This monastery lies at the heart of the town of Batalha. It borders a large square, where during the Saturday afternoon that I visited people were enjoying themselves on rollerskates and loud Christmas songs were played. There are also many cafés and souvenir shops, a sign that this is well on the tourist trail. The building itself is colossal. It is made out of stones in a rare yellowish colour, added by lots of grey on top from dirt. The pigeons love it too.
The first thing I did was walk around it slowly. It is an impressive but also weird construction. The seemingly endless decoration scheme is really over-the-top. Just as with the Hieronymite Monastery in Lisbon, I cannot say that I am becoming a big fan of this Manueline style.
Near the front end, there's a huge black equestrian statue, commemorating the battle of Aljubarrota in 1385 - which is why the construction of this monastery was started at all. The main portal also has the most beautiful carvings of little angels, saints, kings and other holy men.
The interior of the church is much soberer. Only the stained glass windows lighten up the atmosphere. Although entrance to the church itself is free, I bought a ticket for 6 EUR to see the rest of the monastery. The cloisters however I found unremarkable, especially after having seen those at the Hieronymite Monastery the day before. I ended up at the Capelas Imperfeitas, clearly a later addition. I could only look at them from a fair distance, as the entrance was closed due to a slippery floor. Finally, I was back at the front entrance of the church again, where directly to the right just after entering lies the Capela do Fundador. This is the royal mausoleum, with tombs placed in the walls and that of one royal couple (king Joao I) in the center. Just like the Capelas Imperfeitas, this space has some undefinable touches of Indian architecture (maybe it's the curvings or the elaborate decoration).
I loved Alcobaca for her grand simplicity, a perfect combination with the delicate beauty of the church at Batalha. After getting all cathedraled-out in Spain, Alcobaca and Batalha sure proved to be welcome change from all the artistic excess of Portgual next-door neighbor. I loved all those fantastic traceries inside the church and its just too bad that 600 years on, this church isnt finished yet!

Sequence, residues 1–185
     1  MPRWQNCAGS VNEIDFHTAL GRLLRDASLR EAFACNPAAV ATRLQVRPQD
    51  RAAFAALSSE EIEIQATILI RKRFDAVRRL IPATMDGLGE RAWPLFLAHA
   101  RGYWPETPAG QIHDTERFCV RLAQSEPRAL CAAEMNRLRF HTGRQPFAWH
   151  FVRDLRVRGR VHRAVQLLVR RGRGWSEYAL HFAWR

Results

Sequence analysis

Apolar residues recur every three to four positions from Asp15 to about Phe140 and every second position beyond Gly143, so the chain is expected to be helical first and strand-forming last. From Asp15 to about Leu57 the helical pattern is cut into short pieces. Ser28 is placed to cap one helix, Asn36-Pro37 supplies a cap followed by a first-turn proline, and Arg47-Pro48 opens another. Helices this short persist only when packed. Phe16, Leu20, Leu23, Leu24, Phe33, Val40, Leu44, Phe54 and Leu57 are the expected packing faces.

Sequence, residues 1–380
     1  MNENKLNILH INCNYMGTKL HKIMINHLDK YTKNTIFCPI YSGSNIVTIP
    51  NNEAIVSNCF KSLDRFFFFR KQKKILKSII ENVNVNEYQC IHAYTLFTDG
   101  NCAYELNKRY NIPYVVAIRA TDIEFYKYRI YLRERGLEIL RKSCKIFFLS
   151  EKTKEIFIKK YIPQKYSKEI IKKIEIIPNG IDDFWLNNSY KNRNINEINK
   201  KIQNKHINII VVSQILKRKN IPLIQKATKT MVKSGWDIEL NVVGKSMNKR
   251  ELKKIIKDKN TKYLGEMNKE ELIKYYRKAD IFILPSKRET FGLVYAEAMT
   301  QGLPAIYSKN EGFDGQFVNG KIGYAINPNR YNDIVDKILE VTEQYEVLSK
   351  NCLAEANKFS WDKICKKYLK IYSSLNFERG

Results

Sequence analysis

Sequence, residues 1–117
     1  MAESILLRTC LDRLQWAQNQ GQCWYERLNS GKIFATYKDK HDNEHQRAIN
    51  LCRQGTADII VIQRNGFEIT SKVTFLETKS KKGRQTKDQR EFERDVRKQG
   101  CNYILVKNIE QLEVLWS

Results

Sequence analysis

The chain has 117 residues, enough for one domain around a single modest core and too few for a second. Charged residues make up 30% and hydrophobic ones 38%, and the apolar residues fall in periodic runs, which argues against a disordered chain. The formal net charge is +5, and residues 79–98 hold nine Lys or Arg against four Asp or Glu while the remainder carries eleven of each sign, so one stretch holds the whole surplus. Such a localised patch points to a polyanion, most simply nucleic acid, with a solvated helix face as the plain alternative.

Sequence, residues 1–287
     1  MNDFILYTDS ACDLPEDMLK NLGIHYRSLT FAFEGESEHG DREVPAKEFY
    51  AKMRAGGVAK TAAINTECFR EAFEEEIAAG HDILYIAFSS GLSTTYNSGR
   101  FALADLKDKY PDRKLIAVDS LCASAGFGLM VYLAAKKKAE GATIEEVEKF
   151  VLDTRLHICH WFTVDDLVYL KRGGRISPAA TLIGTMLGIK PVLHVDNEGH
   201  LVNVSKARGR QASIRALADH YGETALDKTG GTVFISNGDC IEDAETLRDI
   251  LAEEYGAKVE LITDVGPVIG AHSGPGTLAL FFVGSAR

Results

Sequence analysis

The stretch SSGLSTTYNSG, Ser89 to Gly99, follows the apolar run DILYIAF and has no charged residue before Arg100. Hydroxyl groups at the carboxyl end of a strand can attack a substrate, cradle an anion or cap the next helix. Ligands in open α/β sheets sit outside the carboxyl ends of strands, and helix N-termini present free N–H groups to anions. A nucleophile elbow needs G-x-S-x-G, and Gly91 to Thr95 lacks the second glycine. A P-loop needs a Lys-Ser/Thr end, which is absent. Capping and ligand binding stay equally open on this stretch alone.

Mosteiro de Santa Maria da Vitoria is another royal monastery built as a symbol of victory over Spain similar to the one in Alcobaca, but these two monasteries are totally different in style as Alcobaca is pure gothic and Batalha is unique Manueline.
Batalha monastery is very beautiful with stone carving in Manueline style and one of the best after the Monastery in Belem. The Royal Cloister's arches are one of the prettiest I ever seen, but the real jewel is the famous "Capelas Imperfeitas" which is the royal mausoleum which reminded me to India's amazing stone carving! Seeing Batalha is a great joy to see the exceptional work of art and one of my favorite places in Portugal.
For historical interest, this monastery is the resting place of Prince Henry, the navigator who played a major support for discovery age. His tomb is in the 'Capela do Fundador' room right next to main entrance.
Batalha monastery also has the tomb of unknown soldiers from WWI so this place is very important for Portuguese army and you can see some ceremonial guards walk around the area. So please show some respect when seeing this place.
When I visited in 2002 there was a wedding in progress. The choir's voices were surreal. A visit during a mass would be worthwhile for the opportunity to hear the incredible acoustics of the cathedral. The sound was unforgettable as was the monestery. It is well worth the visit especially for anyone wishing to learn more about Portugal's history and architecture. The unfinished chapel/tomb is the last stop on the tour and well worth the effort. It's beautiful.